Then, I asked the produce section lab coat guy if he could tell me where the leeks were. He gestured vaguely toward the vegetables, and again, I had to stand there until he understood that I was really asking WHAT leeks were, and he came and grabbed the weird looking plant that was right in front of my nose (but not labeled, mind you) and handed it to me.

As for the potatoes, well, no problems there.

I went through the checkout, chatted with the cashier who had been a high school student of mine and who reported having done very well in her first college English class (Yay!), and made my way to the parking lot. I transferred the bags to the car, dutifully returned my cart to the cart drop-off place (Don’t you just hate it when there is a lonely, rudderless cart languishing away in the middle of the PERFECT PARKING SPOT?), and went home determined to teach myself to cook prairie food so that I could be like my childhood idol, Laura Ingalls as played by Melissa Gilbert.

By the time I got to the kitchen, unloaded the groceries, and was ready to begin my big cooking project, I was crying, with both laughter and frustration. Remember when I dutifully returned my cart to the cart drop-off place? Well, um, I returned the cookbook with it, still propped open to the steak, potato, and leek pie page in the spot where a toddler is meant to sit.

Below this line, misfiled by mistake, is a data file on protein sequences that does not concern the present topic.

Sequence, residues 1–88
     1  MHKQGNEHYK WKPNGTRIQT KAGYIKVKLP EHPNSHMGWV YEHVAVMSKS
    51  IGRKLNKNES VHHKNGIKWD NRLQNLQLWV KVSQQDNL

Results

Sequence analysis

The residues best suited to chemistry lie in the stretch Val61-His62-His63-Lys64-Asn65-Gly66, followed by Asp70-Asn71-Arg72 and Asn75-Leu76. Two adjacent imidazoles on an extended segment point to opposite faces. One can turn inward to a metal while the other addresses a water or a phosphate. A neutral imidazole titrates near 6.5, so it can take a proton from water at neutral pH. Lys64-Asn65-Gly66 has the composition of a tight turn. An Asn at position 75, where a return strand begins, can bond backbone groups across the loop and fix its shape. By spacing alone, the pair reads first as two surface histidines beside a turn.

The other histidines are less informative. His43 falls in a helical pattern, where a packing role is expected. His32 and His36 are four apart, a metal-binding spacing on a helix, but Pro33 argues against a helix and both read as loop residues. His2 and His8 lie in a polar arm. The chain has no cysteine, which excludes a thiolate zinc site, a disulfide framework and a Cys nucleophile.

My kids weren’t as astounded at my cluelessness as I would have liked for them to be, but they were pretty unhappy about our prospects for supper, which at this point were none. I called Joe and he agreed to stop at the Stop & Shop on his way home from work to ask for my cookbook back, and he was able to retrieve it from the Lost and Found. (He’s my hero!) He also brought home food. Phew! Little House on the Prairie crisis averted.

I still have all the ingredients for the steak, potato, and leek pie. And now, I also have the book. But I’m having so much fun reading it (there are lots of pictures and anecdotes about Gilbert’s experiences on the set) that I may not have time to cook today. Or ever. Maybe I should just get takeout. Maybe I should have done that in the first place.

EPILOGUE: Made the steak, potato and leek pies tonight. They were FABULOUS!